Wednesday Roundup


Yesterday was the big test day, and my unofficial results on the GRE were comfortably above the minimum needed for acceptance to graduate school.  The test was only slightly nerve racking and I’m very thankful that I used a study guide for the past few weeks.  Otherwise, I would have been completely lost.   Now, I need to focus on the rest of my admissions materials, which hopefully won’t be as time consuming as the test prep proved to be.

The Germantown Half Marathon is this weekend and I’m thinking about walking a part of the race this weekend.  I have already paid for the race, so unless I complete the entire 13.1, I’m going to lose money.  The race does offer an option to register next year at a discounted rate of $25 (from the early registration fee of $45) for anyone registered and unable to run this weekend.  You just contact the races hosts (which I already have) and then save their email response until registration opens for next year’s event.  At that point, you contact the race director and you should get a link to the discounted registration.  It is a decent option, especially for those of us straddled with an injury, but I have some reservations about it.  It is very likely that I delete this email over the next eight months and then, I am SOL.  There is also the possibility that the race will fall during spring break and Susan and I will be out of town during the event.  I am tempted to show up as scheduled on race day and just walk the 5K that is associated with the race.  My rationale is that either option means that I am going to eat about $25 of my registration fee, but this way, I at least do something associated with the race.  Plus, my 2013 goal was to complete a race each month of the year, and I know that I had no control over my injury, but I don’t want to fall short of my goal.  I’ll see how I feel this weekend.  All I do know is that I am not going to attempt to walk the 13.1 in my walking boot.

I finally did so cardio today at the gym.  I rowed for twenty minutes and it felt good to do some cardio again.  Of course, trying to use the machine with my boot on was as much a workout as the exercise itself.  I couldn’t strap the boot down, so it kept sliding off the machine, and all of this extra movement nearly caused the death of my headphones.  The wire on my Yurbuds got caught in the track of the seat, and now the wires have been stripped down on them.  So, I guess I’m in the market for some new headphones once again.

After my cardio, I completed another modified :30/:30 Warrior Dash circuit.  Today’s circuit included a couple of repeat moves since the vast majority of the circuits focus on a person’s legs.  Today, I did the following:

  • DB Incline Bench
  • DB Lateral Raises
  • DB Front Raises
  • V-Sit on a Bench
  • Pull-Ups
  • Wipers
  • Russian Twists
  • Reverse Crunches
  • Straight Leg Lifts
  • Supermans

Sadly, I noticed today that my strength is not where it was a couple of weeks ago, nor is my stamina.  Now that I have an idea of what I can do at the gym, I need to start pushing it again.  Warrior Dash is only five weeks away, and it would be great not to embarrass myself there.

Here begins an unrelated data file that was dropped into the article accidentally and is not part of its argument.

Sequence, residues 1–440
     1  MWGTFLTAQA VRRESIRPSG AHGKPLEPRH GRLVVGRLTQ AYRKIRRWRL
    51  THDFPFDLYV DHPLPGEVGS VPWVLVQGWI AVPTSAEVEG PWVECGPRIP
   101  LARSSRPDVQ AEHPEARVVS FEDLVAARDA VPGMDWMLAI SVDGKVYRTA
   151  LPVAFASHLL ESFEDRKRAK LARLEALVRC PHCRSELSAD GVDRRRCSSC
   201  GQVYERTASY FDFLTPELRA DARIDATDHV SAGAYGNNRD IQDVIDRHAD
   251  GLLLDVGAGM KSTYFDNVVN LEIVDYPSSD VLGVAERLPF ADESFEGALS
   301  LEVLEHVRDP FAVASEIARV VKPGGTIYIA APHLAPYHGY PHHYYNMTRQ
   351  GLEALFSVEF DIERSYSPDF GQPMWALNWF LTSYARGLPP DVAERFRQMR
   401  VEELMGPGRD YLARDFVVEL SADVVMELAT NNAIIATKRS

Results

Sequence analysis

There are only three episodes each left for Justified and The Walking Dead this season, so that means there will be a significant gap between the end of these seasons and the beginning of the final eight episodes of Breaking Bad.  I have been enjoying The Americans and The Following, but neither are near the quality of the other three shows.  But baseball season is starting (Go Braves!), and hopefully my foot heals quickly so I can enjoy the April running weather here in Memphis before the heat becomes too unbearable.


Half Marathon #2


I’m still sick so I didn’t get to workout yesterday.  Actually, my symptoms have gotten a little worse and I decided to take another day off of work today.  Now I’m waiting on the repairman to come repair the heating unit in the house and taking a break from studying fractions for the GRE, so I decided to do my writeup on my second half marathon.

My second half marathon was the St. Jude Half Marathon here in Memphis on December 1, 2012.  After my previous half marathon (the 2011 St. Jude Half), I was little burnt out on running and I really didn’t do much of it for a couple of months, so I decided to signup for the half to help avoid falling completely off the horse.  I imagine that I will run this half marathon most years because the date is very convenient for training, the weather is normally fairly comfortable, and is for a fantastic cause.  Any event that raises money for St. Jude is worthwhile to me.   Plus, the expo is top-notch with lots of vendors and is very well-organized.

As I was approaching the home stretch

As I was approaching the home stretch

The race day was warmer this year than last, but still wasn’t too uncomfortable.  It was 55 degrees when the race started and was 73 degrees by the time I crossed the finish line.  That would be perfect weather in normal circumstances, but the day before at the expo, the weather was nearly 15 degrees cooler and 73 in December feels a little warmer than 73 in the spring.